You'll Be Surprised How A Good Deed 200 Years Ago Is Being Repaid - And Then Some!
How people in Ireland are supporting Native Americans who reached out to them during a difficult time.
Most people are familiar with the saying, "What goes around, comes around."
While some may not believe in the idea of 'karma,' the principles aren't hard to follow: if you do good, expect good to come to you. If your actions are bad, you may get something negative in return.
As the coronavirus continues to spread and people are struggling as the economy largely remains on lockdown, we're seeing the results of good karma in action.
A recent example is the Native American tribes who started a fundraiser to help their communities that have been hard-hit by the virus.
The fundraiser has helped to deliver food and medical supplies to tribes that have been hard-hit by the virus. GoFundMe
Shortly after starting the charity, the organizers received a large number of donations from people in Ireland; a population their ancestors showed the same generosity to nearly 200 years ago.
It's well-known in Irish history that the American Choctaw tribe sent money to Ireland when they were hit with the potato famine in 1845. The famine caused almost a million deaths in Ireland, mainly among poor farmers who died from hunger or disease.
The Great Famine, also known as the Great Hunger, was one of the first humanitarian crises to be reported on by early media sources, which brought in donations from all over the world.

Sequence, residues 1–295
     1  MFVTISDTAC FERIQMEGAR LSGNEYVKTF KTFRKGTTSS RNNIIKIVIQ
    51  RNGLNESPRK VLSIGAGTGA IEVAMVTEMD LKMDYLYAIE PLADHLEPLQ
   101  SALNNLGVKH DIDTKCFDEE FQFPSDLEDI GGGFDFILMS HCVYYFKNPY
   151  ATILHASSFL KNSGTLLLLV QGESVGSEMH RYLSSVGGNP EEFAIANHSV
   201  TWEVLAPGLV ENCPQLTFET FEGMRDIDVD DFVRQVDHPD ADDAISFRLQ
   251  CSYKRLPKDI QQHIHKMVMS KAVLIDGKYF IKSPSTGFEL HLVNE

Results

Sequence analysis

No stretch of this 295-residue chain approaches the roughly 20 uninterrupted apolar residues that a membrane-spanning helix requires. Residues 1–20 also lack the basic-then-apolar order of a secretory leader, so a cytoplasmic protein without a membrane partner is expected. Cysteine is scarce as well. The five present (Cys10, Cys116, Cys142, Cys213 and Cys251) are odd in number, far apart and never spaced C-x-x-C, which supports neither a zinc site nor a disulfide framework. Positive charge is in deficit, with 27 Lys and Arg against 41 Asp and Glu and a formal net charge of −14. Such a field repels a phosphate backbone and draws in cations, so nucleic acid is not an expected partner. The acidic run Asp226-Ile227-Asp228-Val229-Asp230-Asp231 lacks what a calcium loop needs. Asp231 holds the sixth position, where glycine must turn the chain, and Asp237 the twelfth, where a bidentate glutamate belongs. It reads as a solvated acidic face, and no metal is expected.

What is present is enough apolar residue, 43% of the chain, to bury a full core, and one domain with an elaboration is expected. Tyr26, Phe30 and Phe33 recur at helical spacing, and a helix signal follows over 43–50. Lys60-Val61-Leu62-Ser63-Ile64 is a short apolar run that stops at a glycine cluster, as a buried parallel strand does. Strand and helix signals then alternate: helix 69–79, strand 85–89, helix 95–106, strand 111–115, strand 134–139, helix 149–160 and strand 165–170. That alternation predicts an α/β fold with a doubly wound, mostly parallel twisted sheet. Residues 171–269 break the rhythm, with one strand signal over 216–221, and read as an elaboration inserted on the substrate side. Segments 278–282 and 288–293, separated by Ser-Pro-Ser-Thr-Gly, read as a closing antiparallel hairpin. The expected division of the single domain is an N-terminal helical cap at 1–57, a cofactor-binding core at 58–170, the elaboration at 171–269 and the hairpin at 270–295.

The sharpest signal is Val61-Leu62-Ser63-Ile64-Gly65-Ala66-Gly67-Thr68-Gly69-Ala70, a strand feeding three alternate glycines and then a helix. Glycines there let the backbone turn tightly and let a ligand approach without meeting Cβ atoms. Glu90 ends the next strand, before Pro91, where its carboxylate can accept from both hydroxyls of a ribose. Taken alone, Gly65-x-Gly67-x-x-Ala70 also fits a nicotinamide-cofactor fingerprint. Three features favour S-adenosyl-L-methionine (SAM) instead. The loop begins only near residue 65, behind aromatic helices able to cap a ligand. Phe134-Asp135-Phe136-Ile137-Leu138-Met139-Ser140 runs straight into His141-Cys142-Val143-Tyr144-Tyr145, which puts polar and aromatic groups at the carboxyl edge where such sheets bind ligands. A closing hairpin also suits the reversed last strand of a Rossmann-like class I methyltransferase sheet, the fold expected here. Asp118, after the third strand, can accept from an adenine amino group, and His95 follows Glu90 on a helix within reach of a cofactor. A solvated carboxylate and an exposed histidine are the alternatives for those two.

Volunteers have been working to get clean water, food and other supplies to struggling families on Navajo and Hopi reservations. GoFundMe
When the Choctaws heard about the famine, they were sympathetic, since they had recently been through their own crisis, a forced migration known as the Trail of Tears that also resulted in many deaths.
Even after dealing with their own tragedy, the Choctaw tribe gathered a donation of $170 to send to the Irish people – an amount that would equal more than $5,000 today.
The 'Kindred Spirits' monument in Midleton, County Cork, Ireland commemorates the 1847 donation made by the Choctaw tribe. s0.geograph.org.uk
Fast forward to 2020.
Thanks to social media, word of the tribe's fundraiser spread and more than $500,000 in donations poured in from Irish donors. The funds will go to providing clean water, food and health supplies for Navajo and Hopi families who have been directly affected by Covid-19.
"I'd already known what the Choctaw did in the famine, so short a time after they'd been through the Trail of Tears," Sean Callahan, 43, an Apple administrator in Cork City who made a donation, told the New York Times. "It always struck me for its kindness and generosity, and I see that too in the Irish people. It seemed the right time to try and pay it back in kind."
Native Americans distribute supplies for elderly residents. GoFundMe
The Native American communities are thankful, but not all that surprised, by the uptick in donations from their longtime Irish allies.
"We have become kindred spirits with the Irish in the years since the Irish potato famine," Gary Batton, chief of the Choctaw Nation of Oklahoma, said. "We hope the Irish, Navajo and Hopi peoples develop lasting friendships, as we have."
As of Wednesday, the The Navajo & Hopi Families Covid-19 Relief Fund has raised over $2.5 million dollars.
Volunteers have been on the ground since March getting food, clean water and supplies to reservations across the country. GoFundMe